St Giles church Risby
Risby shown within Suffolk
|OS grid reference|
|Sovereign state||United Kingdom|
|Post town||Bury St Edmunds|
|EU Parliament||East of England|
Risby is a village in Suffolk, located around 3 miles (4.8 km) miles west of Bury St. Edmunds, north of the A14 road. It is believed that the village was founded in about the tenth century, presumably on the strength of its having a Norse name, possibly Rȳðs - by "farm settlement at a clearing" and identical to Ryssby in Sweden. The traditional division or Hundred in which it stands is Thingoe, also a Norse name. The village now has a population of 840.
Risby was recorded in Domesday as Rasbi and Risbi and Resebi. The Black Ditches are on the western edge of the parish and are believed to be the most easterly of a series of early Anglo-Saxon defensive earthworks built across the Icknield Way.
Saxham and Risby Station, 1 mile (1.6 km) south of the village, opened in 1854 and closed in December 1964, though passenger traffic ceased in 1967.
Risby Church of England Primary School operates in the village which also has a village hall and two pubs
St Giles Church lies opposite Quay's Farm behind a wall of flints and pink bricks and consists of nave, chancel and porch with traceried windows and one of the East Anglian round towers, in flint, containing three bells. The tower is plain up to above roof level, where a number of lancets appear below a shallow battlemented parapet. This tower has a texture of varicoloured flints, black, white, brown, glassy, dull, orange, not usually chipped or knapped, set in a buff-coloured mortar, and it rises with a slight taper from ground level and without obvious signs of coursing, as if built in one campaign. It is similar to the round tower at neighbouring Little Saxham. Inside the church, the tower arch seems rather tall for its width, and has roll mouldings about the arch and capitals marked with simple lozenge designs, as if Anglo-Saxon, but it may be from the Norman period in a style archaic for its time. The church guide suggests a date about 1000 to 1066. The space inside the round tower is surprisingly small, suggesting very thick walls. The interior of the church contains tablets to the Danby, Wastell, and Spark families; also a carved screen. On the nave floor, partly under a carpet, could be noted some arms of the Godfrey family in exactly the same style and material as those also noted for Godfrey at Lydd, Kent. The arms: A chevron between three pelicans' heads erased at the neck vulning themselves. The colour of the field is given as Sable, the chevron as Or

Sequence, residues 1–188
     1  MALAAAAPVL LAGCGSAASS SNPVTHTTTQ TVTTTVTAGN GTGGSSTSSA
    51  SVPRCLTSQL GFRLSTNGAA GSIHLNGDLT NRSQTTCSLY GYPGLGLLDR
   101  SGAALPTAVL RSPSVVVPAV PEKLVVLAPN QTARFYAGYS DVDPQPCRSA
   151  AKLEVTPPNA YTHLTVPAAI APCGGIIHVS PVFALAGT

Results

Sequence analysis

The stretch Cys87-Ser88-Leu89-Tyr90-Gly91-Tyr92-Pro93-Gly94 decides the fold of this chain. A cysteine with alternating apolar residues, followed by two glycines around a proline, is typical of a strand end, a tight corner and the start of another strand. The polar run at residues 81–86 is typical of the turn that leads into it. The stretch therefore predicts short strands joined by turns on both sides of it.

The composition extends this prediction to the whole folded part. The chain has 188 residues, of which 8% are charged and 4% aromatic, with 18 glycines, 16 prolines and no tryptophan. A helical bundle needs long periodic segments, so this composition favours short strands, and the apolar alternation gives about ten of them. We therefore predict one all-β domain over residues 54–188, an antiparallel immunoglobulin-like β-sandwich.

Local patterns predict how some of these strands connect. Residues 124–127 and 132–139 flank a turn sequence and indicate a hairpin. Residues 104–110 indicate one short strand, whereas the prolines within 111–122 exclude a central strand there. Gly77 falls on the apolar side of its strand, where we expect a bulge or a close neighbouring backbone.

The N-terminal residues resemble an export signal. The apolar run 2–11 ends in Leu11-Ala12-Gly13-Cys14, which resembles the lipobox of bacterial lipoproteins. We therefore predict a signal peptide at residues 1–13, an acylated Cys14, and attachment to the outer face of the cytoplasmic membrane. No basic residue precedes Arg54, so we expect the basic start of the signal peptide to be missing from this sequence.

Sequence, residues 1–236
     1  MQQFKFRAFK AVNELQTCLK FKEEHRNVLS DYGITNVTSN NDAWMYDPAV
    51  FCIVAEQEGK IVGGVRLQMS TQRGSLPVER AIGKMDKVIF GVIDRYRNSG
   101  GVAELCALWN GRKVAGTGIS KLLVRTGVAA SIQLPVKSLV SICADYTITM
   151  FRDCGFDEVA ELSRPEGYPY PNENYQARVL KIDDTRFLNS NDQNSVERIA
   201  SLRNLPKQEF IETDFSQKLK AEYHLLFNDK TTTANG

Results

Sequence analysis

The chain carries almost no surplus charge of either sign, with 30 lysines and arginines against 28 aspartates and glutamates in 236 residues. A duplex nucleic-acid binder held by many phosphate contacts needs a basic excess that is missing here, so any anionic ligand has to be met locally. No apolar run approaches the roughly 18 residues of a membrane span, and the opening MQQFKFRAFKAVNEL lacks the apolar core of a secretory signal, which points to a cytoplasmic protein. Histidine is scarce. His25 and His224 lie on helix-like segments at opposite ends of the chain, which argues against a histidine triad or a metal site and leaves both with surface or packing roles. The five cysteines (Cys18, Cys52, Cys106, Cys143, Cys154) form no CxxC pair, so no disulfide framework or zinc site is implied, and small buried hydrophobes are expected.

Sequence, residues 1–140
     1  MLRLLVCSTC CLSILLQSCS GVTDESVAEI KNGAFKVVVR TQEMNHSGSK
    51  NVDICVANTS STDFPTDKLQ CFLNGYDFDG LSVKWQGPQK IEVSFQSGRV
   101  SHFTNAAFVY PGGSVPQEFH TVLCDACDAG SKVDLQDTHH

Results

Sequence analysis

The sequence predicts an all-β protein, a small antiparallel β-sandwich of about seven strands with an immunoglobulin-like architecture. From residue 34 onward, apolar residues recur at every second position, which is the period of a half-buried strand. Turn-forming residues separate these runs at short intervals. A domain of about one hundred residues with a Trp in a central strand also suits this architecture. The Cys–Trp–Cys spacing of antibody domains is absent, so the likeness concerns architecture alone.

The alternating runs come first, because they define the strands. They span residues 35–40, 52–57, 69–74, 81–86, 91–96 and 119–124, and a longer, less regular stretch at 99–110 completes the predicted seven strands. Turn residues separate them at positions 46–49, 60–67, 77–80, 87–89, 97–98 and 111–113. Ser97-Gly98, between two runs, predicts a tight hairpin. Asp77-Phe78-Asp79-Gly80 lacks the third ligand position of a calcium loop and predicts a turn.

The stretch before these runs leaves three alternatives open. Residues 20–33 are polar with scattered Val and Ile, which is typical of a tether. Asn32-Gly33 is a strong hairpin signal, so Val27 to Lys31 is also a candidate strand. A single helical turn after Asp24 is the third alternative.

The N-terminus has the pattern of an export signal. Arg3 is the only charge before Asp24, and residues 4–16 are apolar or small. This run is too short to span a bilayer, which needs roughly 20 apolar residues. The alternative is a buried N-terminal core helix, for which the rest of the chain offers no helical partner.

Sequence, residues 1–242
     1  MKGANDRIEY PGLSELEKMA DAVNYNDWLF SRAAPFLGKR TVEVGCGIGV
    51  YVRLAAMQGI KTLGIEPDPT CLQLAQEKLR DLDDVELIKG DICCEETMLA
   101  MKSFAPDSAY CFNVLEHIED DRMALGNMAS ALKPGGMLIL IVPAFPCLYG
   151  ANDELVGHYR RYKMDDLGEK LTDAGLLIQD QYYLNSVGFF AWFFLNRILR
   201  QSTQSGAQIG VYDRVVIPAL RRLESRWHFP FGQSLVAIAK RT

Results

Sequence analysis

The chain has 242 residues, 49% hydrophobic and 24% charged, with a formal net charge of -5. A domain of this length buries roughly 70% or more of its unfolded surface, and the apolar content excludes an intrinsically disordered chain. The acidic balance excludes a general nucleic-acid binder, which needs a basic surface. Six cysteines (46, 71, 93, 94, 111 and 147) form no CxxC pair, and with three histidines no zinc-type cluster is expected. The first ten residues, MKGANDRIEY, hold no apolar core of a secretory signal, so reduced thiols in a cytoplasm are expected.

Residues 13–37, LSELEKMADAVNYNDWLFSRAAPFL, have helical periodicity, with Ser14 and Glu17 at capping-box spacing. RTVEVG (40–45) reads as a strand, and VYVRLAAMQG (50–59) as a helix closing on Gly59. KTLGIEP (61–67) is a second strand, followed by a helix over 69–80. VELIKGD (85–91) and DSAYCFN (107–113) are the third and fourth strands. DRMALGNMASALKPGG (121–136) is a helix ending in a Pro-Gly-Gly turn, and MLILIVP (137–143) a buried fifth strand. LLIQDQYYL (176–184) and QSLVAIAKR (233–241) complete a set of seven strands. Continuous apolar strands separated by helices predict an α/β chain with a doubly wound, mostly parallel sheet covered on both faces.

- Ekwall, Eilert, The Concise Oxford Dictionary of English Place-Names Oxford 1980, etc.
- from Old Scandinavian þinghaugr, assembly mound, Ekwall, as above
- notes made at the church, August 2003
- notes made at the church August 2003
- Corder, Joan, A Dictionary of Suffolk Arms Suffolk Records Society 1965